Designers tend to freak out about their portfolios, and with good reason—the quality of your portfolio can mean the difference between steady work and unemployment. But with so much competition out there, how can you stand out from the crowd?
We chatted with Anthony Scerri, Freelance Design Director at We're Magnetic, about what makes for a stellar portfolio. Read his tips below for showcasing your skills and leaving a strong impression on anyone who views your work—and turn that portfolio site into the best representation of you.
I worked in editorial design for over 10 years. My portfolio mostly consisted of magazine spreads that included all aspects of design including grids, typesetting, typography, and even the occasional branding. If you went to my website, everything was broken down by publication, as was every other editorial designer at the time. Working in multiple publications gave me the opportunity to show my vast diversity, but the designers I looked up to only needed to show one or two to get a full sense of what they’re capable of.
In 2014, I found myself transitioning more into the digital realm, which was a departure from my traditional editorial design. Ultimately, I landed in advertising and found myself with a wide array of work and design disciplines. The only questions that remained were, “How do I represent myself without overwhelming a potential client or employer? Am I an editorial designer? Am I an advertiser?”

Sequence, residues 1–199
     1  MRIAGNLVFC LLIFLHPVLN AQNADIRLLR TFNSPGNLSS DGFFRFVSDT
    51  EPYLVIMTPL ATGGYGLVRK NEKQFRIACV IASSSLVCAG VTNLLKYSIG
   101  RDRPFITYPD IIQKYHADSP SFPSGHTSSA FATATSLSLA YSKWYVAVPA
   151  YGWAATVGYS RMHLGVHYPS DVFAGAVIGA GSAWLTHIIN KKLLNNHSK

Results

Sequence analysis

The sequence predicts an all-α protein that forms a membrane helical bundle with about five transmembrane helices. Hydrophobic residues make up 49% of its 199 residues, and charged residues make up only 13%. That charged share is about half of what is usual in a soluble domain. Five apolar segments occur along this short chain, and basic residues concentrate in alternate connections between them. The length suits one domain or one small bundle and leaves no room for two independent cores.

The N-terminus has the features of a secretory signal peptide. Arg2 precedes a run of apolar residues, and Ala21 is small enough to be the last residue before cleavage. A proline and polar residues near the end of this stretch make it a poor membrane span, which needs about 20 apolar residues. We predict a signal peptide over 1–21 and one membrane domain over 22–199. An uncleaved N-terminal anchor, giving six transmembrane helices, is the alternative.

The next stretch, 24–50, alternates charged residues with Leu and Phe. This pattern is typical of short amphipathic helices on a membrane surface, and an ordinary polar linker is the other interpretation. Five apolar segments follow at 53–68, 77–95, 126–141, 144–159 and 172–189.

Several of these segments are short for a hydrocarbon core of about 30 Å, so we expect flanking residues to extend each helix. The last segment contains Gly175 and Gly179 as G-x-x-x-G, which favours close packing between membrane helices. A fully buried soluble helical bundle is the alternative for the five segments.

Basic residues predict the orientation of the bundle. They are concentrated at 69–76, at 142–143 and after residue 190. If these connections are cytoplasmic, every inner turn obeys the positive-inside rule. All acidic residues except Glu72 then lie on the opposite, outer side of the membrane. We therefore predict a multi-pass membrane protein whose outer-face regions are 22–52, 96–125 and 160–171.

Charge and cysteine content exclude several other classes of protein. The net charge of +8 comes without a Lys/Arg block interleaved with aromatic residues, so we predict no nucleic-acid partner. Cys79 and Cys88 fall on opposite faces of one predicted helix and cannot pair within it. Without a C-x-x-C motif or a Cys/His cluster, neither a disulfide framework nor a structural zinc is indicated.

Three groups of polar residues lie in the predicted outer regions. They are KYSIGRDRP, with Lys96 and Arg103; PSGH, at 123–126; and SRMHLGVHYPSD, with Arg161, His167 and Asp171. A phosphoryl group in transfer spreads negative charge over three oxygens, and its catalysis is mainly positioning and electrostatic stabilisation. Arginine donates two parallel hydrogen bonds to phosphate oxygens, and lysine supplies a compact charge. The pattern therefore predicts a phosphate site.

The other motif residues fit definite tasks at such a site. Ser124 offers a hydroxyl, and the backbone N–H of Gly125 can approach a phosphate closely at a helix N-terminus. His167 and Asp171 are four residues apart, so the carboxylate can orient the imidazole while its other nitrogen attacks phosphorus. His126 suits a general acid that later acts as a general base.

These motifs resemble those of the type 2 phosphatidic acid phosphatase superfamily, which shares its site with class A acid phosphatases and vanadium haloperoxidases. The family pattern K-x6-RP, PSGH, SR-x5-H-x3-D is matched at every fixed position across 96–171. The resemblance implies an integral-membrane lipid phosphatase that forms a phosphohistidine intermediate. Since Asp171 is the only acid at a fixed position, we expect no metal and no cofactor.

I am a graphic designer by trade. It doesn’t matter that print publications are on the decline. It doesn’t matter that I’m not a traditional advertiser. Design is design. There is nothing wrong with having a diverse portfolio so long as the work is actually good. I’ve unfortunately known people who have put work in their portfolios just to fill a criterion. It’s senseless, it’s damaging, it’s pointless.
A portfolio is a multitude of things, but in the end, it’s a direct representation of the artist. In time, work you’ve made will pile up, and curation will become critical. When doing this, make sure you keep the following in mind:
An employer’s time is more precious than yours, so be sure that what you show is accessible and simple to navigate across all platforms.
What did you do on that particular project? How long did it take? What were your responsibilities? Choose work that showcases your skills to the fullest.
Don’t overwhelm people with a mountain of work. Condense your portfolio down to its best.
The best work often isn’t the end product but the process itself. Choose projects with lots of detail that show your work ethic and thought process.
Your best work should always, always have this.
A well curated portfolio will always be memorable and land you a job.
Your portfolio doesn’t need to include everything and the kitchen sink. Limit yourself to your personal best. Showcase work that will eventually land you a job.